Modern tropical and subtropical C4 grasslands and savannas were established during the late-Miocene and Pliocene, over 20 Myr after evolutionary originations of the C4 photosynthetic pathway. This lag suggests environmental factors first limited and then favored C4 plants. Here, we examine the timing and drivers for the establishment of C4 grasslands on the Indian Subcontinent using carbon and hydrogen isotope signatures of plant-wax n-alkanes recovered from turbidites in the Bengal Fan. Like prior studies, we find C4 ecosystems in the Ganges-Brahmaputra catchment first emerged at 7.4 Ma and subsequently expanded between 6.9 to ∼6.0 Ma. Hydrogen isotope values varied from 10.2 to 7.4 Ma and then increased after 7.4, which suggests intermittent drying began before the establishment of C4 grasslands with further drying at the onset of C4 expansion. Synthesis of published plant fossil data from the Siwalik Group of the Himalayan foreland basin documents an ecosystem trajectory from evergreen tropical forests to seasonally deciduous forests, and then expansive C4 grasslands. This trajectory coincided with a seasonally uneven drying trend due to both increased evaporation of plant leaf and soil waters and reduced rainfall, as identified in soil carbonate and tooth enamel data sets. Collectively the fossil, biomarker, and isotopic evidence reveal the development of modern C4 ecosystems on the Indian Subcontinent followed a series of ecosystem transformations driven by drying and fire feedbacks, and possibly declining atmospheric pCO2, beginning at 10.2 Ma and strengthening through the late Miocene.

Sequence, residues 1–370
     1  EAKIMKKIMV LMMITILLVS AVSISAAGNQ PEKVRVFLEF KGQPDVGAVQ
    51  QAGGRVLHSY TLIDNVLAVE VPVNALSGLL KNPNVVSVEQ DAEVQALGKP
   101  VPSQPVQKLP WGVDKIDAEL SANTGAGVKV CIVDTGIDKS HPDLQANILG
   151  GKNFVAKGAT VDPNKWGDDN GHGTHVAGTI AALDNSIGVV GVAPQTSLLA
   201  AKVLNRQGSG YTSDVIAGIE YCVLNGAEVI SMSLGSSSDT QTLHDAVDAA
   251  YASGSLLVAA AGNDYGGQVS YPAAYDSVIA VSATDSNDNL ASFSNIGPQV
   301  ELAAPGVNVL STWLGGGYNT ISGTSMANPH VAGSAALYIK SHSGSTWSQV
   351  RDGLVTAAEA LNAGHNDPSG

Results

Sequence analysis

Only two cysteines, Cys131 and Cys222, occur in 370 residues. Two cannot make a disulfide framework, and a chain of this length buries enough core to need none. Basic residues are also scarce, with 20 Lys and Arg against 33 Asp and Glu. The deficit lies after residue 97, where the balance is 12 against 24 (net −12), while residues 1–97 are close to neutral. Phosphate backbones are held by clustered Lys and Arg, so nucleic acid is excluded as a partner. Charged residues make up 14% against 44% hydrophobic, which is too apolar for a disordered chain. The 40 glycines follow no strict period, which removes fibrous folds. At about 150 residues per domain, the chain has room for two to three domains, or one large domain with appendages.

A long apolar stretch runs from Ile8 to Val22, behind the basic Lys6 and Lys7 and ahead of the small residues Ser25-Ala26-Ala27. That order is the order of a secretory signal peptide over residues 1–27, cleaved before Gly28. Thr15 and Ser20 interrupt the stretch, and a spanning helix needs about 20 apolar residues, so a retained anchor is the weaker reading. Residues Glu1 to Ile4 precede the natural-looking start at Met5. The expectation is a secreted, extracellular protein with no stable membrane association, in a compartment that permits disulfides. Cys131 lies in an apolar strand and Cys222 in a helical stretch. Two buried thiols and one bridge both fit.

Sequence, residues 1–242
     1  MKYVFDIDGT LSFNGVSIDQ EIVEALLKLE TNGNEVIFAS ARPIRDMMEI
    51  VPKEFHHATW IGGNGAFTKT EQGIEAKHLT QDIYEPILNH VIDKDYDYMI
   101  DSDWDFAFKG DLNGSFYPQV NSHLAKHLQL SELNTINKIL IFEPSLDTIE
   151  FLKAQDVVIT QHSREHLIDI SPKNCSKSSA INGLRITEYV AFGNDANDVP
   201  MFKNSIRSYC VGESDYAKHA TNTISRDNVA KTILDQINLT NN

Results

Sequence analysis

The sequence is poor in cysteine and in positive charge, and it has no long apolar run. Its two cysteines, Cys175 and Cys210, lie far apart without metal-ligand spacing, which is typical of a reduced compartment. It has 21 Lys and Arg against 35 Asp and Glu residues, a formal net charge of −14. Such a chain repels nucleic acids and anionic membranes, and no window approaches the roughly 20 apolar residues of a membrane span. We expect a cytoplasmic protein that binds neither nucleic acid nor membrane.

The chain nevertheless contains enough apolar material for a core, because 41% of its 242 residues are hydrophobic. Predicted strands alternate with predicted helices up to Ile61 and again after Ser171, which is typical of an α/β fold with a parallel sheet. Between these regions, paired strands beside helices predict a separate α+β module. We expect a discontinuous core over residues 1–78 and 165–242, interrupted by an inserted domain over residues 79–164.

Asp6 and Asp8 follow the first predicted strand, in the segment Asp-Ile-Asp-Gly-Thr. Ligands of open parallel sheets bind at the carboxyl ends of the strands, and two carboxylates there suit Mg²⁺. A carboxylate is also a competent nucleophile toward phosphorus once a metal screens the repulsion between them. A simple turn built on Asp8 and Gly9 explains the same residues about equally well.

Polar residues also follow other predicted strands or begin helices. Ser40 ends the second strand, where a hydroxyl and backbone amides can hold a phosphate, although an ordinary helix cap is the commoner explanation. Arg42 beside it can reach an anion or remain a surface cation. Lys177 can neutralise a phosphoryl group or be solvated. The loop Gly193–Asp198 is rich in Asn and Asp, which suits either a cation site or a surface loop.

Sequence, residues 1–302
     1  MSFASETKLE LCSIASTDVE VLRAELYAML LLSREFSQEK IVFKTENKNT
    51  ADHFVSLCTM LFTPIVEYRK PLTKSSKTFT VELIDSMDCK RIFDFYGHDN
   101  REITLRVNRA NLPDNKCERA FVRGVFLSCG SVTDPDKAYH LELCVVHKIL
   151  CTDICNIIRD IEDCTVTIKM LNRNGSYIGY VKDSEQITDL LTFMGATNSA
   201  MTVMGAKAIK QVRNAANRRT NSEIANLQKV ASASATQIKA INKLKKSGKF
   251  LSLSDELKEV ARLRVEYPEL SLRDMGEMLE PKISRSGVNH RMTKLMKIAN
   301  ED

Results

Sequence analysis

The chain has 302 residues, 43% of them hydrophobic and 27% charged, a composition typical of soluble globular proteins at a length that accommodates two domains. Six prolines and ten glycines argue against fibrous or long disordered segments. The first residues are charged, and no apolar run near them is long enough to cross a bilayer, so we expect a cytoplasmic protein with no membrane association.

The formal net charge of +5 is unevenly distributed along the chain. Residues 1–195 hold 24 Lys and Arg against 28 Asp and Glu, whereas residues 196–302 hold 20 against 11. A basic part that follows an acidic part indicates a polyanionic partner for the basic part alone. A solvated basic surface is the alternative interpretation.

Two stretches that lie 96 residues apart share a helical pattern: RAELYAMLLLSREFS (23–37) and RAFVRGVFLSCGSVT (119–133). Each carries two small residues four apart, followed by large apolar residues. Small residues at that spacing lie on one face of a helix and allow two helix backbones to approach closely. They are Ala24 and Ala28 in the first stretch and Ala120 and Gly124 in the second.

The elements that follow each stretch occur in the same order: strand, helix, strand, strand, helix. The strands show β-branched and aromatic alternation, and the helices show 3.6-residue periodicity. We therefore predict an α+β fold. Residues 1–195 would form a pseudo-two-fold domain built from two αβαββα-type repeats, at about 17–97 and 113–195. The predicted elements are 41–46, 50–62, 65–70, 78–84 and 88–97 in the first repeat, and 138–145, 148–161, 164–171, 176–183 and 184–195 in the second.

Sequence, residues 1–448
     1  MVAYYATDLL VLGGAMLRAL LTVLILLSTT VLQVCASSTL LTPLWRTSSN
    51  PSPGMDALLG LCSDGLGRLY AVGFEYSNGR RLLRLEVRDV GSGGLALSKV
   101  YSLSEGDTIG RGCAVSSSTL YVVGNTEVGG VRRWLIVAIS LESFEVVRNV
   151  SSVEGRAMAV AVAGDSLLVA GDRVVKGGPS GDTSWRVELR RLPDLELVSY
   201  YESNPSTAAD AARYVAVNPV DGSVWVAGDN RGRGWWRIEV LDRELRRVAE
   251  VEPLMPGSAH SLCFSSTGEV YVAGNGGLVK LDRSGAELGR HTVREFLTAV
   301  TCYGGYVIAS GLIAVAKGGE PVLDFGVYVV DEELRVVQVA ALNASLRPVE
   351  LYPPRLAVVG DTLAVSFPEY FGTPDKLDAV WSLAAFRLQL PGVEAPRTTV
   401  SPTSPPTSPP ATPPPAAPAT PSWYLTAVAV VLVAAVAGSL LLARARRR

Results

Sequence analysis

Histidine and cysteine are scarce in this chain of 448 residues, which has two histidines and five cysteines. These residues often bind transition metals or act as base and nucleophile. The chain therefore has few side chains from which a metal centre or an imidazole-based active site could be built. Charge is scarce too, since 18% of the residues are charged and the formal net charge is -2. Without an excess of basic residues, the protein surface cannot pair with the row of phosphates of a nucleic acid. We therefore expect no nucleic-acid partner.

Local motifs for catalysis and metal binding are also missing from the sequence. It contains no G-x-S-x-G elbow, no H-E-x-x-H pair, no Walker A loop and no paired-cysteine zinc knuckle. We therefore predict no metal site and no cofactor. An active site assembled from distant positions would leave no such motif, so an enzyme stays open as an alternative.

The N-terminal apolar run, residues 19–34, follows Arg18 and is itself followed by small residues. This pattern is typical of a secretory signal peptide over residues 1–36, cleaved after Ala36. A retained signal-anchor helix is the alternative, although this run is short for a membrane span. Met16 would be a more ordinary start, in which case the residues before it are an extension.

All Science Journal Classification (ASJC) codes
- Atmospheric Science